The number of Americans currently hospitalized reached a record 98,691, according to the COVID Tracking Project.

The latest weekly report to governors from the White House Coronavirus Task Force, which isn't available publicly but the reports are compiled by the Center for Public Integrity, warned that the COVID-19 threat to Americans is at a historic high. The report warned that the nation is in a dangerous place due to the high baseline of cases and limited hospital capacity.

It said 47 states are in the red zone for new cases, 1 fewer than the previous week. States are in the red zone if new cases per week exceed 100 per 100,000 residents. However, 3 more states are in the task force's red zone for deaths, bringing the total to 39.

Vaccine delivery details

At a briefing today, officials from Operation Warp Speed (OWS) provided an update on vaccine shipments and dose projections in the months ahead.

Moncef Slaoui, PhD, the group's chief advisor, said officials feel confident that they can distribute enough to vaccinate 20 million (40 million doses) in December, followed by 30 million in January (60 million doses), and 50 million in February (100 million doses).

Gen. Gustave Perna, OWS chief operating officer, signaled that allocation has already started, with 64 jurisdictions (50 states, 8 territories, and 6 megacities) and 5 federal agencies receiving their initial allotments. On Nov 20, they allocated 6.4 million doses of the Pfizer-BioNTech vaccine, followed by 12.5 million doses of Moderna's vaccine on Nov 27. He added that the goal is to distribute vaccine within 24 hours of an emergency use authorization (EUA).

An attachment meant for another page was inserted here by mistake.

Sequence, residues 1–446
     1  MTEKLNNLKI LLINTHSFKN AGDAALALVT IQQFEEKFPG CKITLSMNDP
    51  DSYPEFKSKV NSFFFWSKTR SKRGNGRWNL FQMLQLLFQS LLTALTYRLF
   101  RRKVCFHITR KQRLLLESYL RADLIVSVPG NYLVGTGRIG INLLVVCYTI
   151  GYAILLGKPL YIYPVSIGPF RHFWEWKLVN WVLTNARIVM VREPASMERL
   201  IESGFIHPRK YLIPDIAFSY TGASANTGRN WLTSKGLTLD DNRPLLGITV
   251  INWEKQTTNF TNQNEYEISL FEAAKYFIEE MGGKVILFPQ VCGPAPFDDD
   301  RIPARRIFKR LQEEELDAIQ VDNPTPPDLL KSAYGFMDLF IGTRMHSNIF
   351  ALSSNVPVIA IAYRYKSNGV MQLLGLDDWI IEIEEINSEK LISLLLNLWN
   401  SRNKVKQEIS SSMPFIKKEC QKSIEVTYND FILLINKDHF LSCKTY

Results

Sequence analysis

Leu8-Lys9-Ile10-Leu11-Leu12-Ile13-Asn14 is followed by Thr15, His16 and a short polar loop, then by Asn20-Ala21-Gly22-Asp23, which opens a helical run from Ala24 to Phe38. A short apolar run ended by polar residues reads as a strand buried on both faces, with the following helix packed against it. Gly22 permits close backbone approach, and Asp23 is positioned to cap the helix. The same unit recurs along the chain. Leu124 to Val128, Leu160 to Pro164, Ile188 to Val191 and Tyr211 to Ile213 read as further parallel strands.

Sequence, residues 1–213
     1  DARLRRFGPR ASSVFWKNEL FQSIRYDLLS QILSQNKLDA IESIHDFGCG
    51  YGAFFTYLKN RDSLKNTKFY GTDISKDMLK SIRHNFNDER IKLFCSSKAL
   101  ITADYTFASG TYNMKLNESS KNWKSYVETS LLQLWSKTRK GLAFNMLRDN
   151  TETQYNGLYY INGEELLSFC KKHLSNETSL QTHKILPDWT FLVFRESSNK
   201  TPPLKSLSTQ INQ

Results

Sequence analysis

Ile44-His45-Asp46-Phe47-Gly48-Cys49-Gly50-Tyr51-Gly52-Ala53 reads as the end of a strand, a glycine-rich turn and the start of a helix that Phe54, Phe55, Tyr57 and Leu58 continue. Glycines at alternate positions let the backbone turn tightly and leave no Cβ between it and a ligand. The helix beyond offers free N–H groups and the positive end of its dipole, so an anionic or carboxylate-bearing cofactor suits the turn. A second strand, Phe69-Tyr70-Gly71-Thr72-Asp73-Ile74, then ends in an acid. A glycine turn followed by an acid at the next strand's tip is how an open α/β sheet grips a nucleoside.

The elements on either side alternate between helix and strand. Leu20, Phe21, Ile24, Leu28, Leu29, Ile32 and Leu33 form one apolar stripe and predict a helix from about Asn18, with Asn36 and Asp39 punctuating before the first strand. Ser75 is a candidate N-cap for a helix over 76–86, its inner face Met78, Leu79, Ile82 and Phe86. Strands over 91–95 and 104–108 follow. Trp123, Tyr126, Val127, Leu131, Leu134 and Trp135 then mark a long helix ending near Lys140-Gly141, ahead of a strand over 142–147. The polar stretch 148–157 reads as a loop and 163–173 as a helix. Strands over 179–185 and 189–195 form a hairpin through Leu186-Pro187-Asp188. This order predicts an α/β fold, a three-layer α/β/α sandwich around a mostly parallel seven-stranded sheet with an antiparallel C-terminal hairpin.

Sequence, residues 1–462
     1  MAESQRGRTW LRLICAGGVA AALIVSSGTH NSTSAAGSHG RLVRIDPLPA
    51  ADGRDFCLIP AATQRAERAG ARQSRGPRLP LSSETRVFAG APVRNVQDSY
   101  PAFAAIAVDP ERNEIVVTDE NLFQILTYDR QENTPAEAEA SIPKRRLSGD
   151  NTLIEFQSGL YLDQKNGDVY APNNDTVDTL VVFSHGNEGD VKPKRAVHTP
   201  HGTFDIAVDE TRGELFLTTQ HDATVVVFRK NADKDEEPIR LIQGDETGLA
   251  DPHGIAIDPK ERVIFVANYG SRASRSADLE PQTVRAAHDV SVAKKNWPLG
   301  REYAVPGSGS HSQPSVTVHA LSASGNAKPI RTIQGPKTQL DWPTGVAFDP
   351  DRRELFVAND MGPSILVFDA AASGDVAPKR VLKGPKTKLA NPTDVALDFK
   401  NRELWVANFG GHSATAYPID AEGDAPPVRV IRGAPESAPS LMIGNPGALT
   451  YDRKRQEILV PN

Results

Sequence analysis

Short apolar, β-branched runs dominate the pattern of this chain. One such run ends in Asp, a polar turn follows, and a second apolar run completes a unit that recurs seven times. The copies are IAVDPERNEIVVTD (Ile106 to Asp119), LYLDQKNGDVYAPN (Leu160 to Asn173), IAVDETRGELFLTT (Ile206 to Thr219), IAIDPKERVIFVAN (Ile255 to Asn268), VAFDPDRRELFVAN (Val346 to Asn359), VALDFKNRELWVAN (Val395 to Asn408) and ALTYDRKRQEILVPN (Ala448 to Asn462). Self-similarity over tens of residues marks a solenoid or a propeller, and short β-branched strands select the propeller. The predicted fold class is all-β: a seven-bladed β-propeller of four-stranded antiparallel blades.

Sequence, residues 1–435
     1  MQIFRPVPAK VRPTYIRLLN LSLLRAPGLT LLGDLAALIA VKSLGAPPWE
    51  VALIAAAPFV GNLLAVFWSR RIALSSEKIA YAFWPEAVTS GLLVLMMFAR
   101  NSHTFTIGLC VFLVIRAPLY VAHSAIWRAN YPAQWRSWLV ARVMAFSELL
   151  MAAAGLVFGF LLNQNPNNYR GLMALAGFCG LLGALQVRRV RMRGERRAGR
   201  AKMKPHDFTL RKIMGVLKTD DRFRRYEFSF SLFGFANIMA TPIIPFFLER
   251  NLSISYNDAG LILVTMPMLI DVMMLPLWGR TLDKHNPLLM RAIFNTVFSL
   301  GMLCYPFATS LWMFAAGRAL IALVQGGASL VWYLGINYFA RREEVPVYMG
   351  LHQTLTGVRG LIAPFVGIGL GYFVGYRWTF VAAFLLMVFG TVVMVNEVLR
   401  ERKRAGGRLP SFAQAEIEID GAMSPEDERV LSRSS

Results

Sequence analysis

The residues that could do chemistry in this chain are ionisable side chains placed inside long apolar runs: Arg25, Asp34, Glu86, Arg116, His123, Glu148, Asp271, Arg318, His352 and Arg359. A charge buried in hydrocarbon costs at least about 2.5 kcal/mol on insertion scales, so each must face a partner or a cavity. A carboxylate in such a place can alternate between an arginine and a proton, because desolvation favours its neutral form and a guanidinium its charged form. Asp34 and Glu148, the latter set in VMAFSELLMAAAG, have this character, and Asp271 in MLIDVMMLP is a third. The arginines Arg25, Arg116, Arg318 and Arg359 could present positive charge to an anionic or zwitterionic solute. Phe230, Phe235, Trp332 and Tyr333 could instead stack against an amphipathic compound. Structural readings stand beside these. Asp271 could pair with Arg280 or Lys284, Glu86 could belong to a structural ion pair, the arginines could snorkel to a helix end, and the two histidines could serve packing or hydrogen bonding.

Also, the US Department of Transportation said yesterday that it has prepared for the mass shipments and has completed all regulatory steps, Reuters reported. And the Trump administration has invited leading vaccine makers, distributors, and government officials to a vaccine summit on Dec 8, Stat reported, which industry official say puts pressure on federal officials to quickly approve Pfizer and Moderna EUA submissions.

In other US headlines:

  • Swiss pharmaceutical company Roche received an FDA EUA for a new test that measures coronavirus antibodies. It said the test may help identify recovering patients who could donate serum and plasma for COVID-19 treatment.

  • An advisor to President-elect Joe Biden on the COVID-19 response said the nation won't control the pandemic if it doesn't address the disproportionate toll the pandemic is taking on minorities, for whom hospitalization and death rates are two to four times higher than whites, the Associated Press reported today.

  • The nonpartisan Congressional Budget Office (CBO) projects that decreased revenue from pandemic-related job losses could hit the Social Security trust fund hard, The Hill reported. The CBO estimates that, without changes, the trust fund will deplete its $2.8 trillion reserve over the next decade.

  • The US pandemic total today climbed to 13,805,573 cases, with 272,052 deaths, according to the Johns Hopkins tracker.